Lives can be changed in the blink of an eye. Being in the wrong place at the wrong time can have devastating consequences, the effects rippling out like a rock thrown into placid waters. Rarely are those ripples pleasant although in time they can turn out to be beneficial but that isn’t often the case.

Hong Kong police detective Tong Fei (Tse) is ambitious and arrogant. He’s chasing a well-known Triad crime boss and has him in his relentless sights. Working with his team whom he sets very high standards for, he manages to get the criminal arrested – only to learn that the guy’s thugs have managed to break him out of custody. Fei personally leads the chase after him along with longtime friend and mentor Detective Sun (Liu). A violent car crash leads to a terrible tragedy in which an innocent little girl is killed. Fei is devastated.

Months afterwards, the prosecutor for the case, Ann Gau (J.C. Zhang) is getting past the grief of losing a child when her surviving child is kidnapped by Hung (N. Cheung), a half-blind assassin who is caring for a paralyzed wife and needs the dough. The guilt-wracked Fei is obsessed with finding the missing daughter despite Ann’s pleas for him to butt out – she has been warned to not involve the police. She agrees to alter the evidence that will put the crime lord behind bars for a very long time; so Fei goes out looking for the girl on his own. Hung is just as desperate to make sure that the girl isn’t found and both men play a game of cat and mouse with a little girl’s life hanging on the outcome.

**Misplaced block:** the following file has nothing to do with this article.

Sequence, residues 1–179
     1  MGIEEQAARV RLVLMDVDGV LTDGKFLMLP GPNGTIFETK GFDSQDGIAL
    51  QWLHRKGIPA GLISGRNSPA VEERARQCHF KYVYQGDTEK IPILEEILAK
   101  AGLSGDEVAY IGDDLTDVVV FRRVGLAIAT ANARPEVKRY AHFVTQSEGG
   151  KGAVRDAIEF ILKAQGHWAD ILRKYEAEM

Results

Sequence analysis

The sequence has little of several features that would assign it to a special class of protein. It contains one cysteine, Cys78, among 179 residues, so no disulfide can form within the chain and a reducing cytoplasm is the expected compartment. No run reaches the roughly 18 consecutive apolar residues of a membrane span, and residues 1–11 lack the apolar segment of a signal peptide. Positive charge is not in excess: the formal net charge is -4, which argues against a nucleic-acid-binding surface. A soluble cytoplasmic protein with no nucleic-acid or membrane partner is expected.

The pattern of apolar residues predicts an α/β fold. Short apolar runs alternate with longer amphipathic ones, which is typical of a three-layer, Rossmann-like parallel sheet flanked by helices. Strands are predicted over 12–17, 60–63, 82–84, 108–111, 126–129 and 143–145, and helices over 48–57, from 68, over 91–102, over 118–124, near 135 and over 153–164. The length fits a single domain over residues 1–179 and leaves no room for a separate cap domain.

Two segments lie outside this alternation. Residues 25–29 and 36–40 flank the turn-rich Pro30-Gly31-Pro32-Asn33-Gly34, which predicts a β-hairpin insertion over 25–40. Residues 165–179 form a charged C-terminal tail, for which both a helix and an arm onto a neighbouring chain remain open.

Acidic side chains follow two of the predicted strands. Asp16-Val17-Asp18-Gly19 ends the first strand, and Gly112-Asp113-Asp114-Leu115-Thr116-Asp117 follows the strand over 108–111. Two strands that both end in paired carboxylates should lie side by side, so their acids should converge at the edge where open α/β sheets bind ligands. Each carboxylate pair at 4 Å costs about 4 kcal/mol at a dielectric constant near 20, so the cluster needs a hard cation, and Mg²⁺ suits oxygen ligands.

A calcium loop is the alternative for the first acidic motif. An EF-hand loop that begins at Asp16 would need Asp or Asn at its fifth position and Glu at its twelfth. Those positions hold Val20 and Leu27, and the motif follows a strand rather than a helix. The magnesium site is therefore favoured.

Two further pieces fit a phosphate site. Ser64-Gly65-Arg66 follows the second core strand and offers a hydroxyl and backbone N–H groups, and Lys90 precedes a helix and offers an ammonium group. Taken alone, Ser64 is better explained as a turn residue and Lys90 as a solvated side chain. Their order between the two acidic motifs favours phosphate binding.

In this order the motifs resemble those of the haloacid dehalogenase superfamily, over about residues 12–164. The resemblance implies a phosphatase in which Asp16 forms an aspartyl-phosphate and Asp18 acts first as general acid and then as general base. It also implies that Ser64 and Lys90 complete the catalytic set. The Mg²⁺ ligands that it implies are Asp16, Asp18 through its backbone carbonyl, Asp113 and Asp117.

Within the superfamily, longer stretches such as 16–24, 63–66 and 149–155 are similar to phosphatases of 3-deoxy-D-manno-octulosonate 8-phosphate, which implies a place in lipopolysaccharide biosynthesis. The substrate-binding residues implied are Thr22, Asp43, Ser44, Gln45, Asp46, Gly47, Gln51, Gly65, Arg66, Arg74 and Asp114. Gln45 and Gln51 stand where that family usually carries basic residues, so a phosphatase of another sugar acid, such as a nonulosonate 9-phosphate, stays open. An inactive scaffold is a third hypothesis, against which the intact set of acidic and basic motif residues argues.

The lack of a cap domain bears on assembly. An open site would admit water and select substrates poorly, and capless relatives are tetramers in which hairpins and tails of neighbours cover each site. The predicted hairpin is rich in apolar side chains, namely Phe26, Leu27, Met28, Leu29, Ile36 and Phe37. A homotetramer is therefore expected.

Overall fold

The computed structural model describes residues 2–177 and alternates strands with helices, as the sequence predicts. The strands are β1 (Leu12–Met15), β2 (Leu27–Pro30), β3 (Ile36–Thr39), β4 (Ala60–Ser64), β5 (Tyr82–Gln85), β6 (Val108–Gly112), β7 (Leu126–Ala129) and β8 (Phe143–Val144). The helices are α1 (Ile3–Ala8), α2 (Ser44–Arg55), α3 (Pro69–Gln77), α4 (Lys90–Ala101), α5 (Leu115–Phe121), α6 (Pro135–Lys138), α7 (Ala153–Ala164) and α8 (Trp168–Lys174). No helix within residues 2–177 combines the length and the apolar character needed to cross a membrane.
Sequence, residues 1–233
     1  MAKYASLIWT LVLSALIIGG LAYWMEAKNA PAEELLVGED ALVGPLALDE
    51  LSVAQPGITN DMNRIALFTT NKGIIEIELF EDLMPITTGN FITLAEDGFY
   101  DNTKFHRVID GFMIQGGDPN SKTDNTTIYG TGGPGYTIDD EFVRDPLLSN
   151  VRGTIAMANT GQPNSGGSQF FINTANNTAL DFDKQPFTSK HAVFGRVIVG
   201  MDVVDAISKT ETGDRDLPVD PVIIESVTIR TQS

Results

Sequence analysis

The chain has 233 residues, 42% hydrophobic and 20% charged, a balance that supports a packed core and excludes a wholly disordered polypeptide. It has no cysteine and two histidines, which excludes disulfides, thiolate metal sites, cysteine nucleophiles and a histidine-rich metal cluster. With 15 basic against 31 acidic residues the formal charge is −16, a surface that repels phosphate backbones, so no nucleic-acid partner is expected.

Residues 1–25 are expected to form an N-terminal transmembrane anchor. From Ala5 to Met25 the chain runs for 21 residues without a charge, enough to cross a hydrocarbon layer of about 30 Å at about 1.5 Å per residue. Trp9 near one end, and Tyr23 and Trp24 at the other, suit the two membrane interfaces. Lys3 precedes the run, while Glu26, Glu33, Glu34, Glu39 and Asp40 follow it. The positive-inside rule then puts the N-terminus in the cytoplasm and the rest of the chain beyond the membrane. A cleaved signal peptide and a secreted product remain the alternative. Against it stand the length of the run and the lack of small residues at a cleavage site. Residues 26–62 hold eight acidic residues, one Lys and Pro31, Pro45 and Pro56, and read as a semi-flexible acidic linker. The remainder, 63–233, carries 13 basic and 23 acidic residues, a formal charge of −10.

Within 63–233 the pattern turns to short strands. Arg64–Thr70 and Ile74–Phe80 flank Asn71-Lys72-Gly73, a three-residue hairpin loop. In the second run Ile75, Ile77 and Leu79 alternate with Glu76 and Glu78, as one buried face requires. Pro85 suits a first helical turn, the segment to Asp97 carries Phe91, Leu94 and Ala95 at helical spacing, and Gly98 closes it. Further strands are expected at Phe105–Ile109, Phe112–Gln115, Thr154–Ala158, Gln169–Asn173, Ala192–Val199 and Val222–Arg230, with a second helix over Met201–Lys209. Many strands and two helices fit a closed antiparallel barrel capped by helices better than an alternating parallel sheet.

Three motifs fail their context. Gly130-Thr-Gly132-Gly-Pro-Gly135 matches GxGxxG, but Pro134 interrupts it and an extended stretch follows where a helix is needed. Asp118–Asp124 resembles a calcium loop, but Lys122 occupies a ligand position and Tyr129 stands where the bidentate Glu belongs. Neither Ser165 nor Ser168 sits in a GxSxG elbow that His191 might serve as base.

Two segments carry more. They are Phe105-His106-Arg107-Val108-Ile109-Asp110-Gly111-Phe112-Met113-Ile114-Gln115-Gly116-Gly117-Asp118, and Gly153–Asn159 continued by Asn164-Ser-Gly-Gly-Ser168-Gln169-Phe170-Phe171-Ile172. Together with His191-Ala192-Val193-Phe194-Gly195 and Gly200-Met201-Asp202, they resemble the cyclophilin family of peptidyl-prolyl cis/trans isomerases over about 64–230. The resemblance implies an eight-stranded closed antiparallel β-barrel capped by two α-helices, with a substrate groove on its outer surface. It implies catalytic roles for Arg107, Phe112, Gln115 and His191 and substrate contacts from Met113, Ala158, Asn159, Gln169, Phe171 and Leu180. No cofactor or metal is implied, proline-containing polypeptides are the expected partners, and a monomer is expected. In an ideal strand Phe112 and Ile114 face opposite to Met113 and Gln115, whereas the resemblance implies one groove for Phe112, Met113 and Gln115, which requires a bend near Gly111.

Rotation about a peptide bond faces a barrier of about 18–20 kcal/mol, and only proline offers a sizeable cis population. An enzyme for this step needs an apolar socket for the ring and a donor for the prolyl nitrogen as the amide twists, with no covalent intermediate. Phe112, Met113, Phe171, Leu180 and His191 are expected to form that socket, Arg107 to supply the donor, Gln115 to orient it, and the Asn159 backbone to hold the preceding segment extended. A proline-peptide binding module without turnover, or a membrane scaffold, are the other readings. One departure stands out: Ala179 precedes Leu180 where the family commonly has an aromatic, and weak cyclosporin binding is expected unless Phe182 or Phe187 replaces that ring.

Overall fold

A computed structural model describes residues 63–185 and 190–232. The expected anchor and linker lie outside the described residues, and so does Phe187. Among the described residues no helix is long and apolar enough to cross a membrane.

Like many Hong Kong crime dramas, the plot hinges around a number of coincidences (some might say improbabilities) that require a whole lot of disbelief suspension. How likely is it that the crook would steal the car of his prosecutor who just happened to stop the car she was driving so she could yell at her ex-husband on the phone? And the coincidences don’t end there.

However if you can unwrap your head around those plot points you’ll be treated to a story with plenty of nice twists and turns, maybe one or two you won’t see coming. Nicholas Tse and Nicky Cheung are two of HK’s  best action stars and they are at their best in this movie. The action sequences, particularly the initial car chase that sets everything up, are extremely well done with the aforementioned chase being literally breathtaking.